Paul Walker’s death and the potential tragedy

Paul Walker's deathIt is sad that Paul Walker and his friend died – I don’t really know much about him.. However, this accident is the result of driving recklessly on city streets. We are all lucky that some innocent bystanders were not killed or injured. I don’t consider such events a tragedy because they are somewhat predicable and caused by the individuals involved – his friend in this case.

There is a potential tragedy here. It is that the focus of the death will be Mr. Walker and his friend – and not what they were doing prior to the accident.

I witness, as we all do, people who speed, weaving in and out of traffic, obviously thinking NOTHING about those around them. Typically, but not always, it is young men. Speeding is thoughtless and selfish! I am fortunate that my father did NOT and hounded me early on about it’s foolishness and selfishness. He actually related it to me in physics terminology and used a phrase that I still use.

“Don’t be stupid on someone else’s dime!”

You are allowed to be as stupid as you want in life.. If you wish to do drugs, great, lock yourself in your home – do drugs, drink, whatever. Just don’t get behind the wheel.

And you can drive fast if you want. Just do it on a closed track – pay to be foolish where you DO NOT put others at risk.. that is NOT your call! It’s selfish! Be stupid on your own dime.

My hope that the news can spin this properly to be a wake up call, rather than a senseless tragedy. A senseless tragedy is when a drunk driver runs a light and kills some family on their way home. My fear is that Hollywood will focus on what a great guy Mr. Walker and his friend were.. I mean, they were leaving a charity event after all.

But don’t leave out that they were speeding on city streets, in the middle of the day, putting others at senseless risk! The tragedy would be to obscure THAT important fact.

I remember taking my daughter to Driver’s Edge in Phoenix and them asking everyone to rate themselves as a driver. Side note: if you get a chance to take your child to Driver’s Edge, DO IT!!! 

Guys tend to rate themselves as 8, 9, or 10’s – I KNOW I DID. How arrogant of me!

These professional drivers, who train race car drivers, rate themselves as 7-10 – very few would admit to believing they are a 10. In fact, none of them did. Some of the trainers suggested that there was one person on their staff that they considered a 10 rated driver.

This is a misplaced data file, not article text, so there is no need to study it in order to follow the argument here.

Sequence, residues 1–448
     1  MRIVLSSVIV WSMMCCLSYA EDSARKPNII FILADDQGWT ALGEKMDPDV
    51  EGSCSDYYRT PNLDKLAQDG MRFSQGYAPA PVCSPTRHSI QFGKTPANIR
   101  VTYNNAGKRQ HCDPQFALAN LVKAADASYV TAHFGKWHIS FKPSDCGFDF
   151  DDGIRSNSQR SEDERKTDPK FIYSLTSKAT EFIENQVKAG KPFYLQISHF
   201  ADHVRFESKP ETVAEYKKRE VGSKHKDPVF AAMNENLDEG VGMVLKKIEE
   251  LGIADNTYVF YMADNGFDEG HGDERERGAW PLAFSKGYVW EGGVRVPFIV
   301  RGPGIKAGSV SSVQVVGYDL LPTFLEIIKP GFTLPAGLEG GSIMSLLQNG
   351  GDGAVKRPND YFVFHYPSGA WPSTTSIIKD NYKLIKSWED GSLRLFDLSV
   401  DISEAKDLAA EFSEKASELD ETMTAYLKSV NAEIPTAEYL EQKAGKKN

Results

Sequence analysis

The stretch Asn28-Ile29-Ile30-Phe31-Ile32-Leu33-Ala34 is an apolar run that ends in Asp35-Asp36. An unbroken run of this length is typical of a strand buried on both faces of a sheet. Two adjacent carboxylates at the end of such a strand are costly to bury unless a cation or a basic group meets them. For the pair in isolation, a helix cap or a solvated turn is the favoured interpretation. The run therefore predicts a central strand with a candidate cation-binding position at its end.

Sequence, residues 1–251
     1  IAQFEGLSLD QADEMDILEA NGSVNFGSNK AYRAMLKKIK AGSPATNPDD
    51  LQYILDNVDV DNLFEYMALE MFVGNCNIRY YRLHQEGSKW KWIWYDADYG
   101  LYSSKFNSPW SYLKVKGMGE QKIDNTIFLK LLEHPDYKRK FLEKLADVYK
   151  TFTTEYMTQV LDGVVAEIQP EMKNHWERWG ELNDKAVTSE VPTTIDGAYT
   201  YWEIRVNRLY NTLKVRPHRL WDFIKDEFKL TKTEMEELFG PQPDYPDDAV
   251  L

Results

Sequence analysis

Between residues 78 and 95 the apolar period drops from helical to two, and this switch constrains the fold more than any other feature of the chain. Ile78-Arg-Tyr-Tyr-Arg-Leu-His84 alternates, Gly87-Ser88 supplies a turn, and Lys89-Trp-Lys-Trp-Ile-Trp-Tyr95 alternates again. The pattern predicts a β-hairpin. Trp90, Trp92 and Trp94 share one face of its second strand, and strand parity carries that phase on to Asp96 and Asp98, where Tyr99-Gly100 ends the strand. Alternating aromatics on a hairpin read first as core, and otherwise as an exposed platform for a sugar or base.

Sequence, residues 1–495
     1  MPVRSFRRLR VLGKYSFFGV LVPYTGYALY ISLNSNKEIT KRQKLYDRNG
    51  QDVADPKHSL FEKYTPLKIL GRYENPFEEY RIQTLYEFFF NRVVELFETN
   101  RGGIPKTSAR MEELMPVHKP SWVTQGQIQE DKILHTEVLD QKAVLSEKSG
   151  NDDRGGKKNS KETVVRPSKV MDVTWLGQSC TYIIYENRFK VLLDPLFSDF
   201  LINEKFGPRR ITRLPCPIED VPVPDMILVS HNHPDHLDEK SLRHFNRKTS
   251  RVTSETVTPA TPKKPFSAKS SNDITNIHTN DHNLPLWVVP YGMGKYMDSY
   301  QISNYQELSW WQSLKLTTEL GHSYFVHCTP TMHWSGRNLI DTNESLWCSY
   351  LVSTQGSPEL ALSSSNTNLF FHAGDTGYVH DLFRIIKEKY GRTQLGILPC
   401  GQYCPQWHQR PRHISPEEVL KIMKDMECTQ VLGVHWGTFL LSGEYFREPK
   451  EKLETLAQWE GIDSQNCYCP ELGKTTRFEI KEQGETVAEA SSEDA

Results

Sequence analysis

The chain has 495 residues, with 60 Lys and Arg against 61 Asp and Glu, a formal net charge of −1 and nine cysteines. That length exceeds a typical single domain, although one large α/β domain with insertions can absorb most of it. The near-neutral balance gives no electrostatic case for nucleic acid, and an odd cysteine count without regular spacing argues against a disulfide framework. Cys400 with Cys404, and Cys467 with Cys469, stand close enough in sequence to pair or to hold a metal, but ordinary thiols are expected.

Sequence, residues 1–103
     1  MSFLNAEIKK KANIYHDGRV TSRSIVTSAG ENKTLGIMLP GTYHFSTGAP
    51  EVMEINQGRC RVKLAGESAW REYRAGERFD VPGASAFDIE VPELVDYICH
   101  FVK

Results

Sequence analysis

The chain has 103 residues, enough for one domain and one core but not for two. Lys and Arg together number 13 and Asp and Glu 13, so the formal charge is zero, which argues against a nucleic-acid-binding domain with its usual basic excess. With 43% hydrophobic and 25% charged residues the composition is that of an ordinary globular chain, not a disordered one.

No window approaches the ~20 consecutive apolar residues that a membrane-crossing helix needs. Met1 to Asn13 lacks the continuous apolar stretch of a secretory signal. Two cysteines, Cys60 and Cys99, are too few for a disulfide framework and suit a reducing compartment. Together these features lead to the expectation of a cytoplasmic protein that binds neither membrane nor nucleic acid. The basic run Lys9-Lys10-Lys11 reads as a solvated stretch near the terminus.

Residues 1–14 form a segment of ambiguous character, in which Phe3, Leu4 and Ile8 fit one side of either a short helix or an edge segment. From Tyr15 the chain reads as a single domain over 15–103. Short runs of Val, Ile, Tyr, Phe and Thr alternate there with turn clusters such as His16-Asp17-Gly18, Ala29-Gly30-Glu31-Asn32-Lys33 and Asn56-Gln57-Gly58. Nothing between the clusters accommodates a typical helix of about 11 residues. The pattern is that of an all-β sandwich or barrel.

We (the general public) aren’t even close. As with any activity, being a “great driver” requires practice in the most extreme conditions. If these professionals are 7-10, most of us are lucky to break the 5, 6 mark – and that is being generous! If you are a member of the general public and rate yourself as a 7+ driver, you are just arrogant!

Consider playing 1-on-1 basketball with Lebron James or Kobe Bryant. You wouldn’t score a single point if they chose to NOT let you. That is how we – the general public – rank as drivers compared to a professional who trains. They have both a natural physical giftedness and intense training.. we don’t. Don’t be foolishly arrogant about how well you drive.

Owning a really fast car – and driving it fast several times a week – without training and NOT on a closed track makes you an ass, not a good driver.

As the Driver’s Edge trainers pointed out, being a good driver is NOT about how well you drive when everything goes right, it’s about what you are able to do when everything goes wrong!

It is sad whenever anyone dies.. actor or not. However, don’t mistake this as an untimely tragedy. It was the bi-product of foolishness and selfishness. That message MUST get through if Mr. Walker and his friend’s death are to count for something! If that message is lost, that would be tragic!

 

Posted in Blog, Life, Misc.

5 Comments

  1. Hey Matt, as you said you didn’t really know much about Paul Walker prior, I feel I should point out that he had extensive drivers training, as he was an avid racer when not filming. What’s more, Roger Rodas, who was driving, was a professional race driver who does so for a living. Both were more skilled than 99.999% of the licensed population.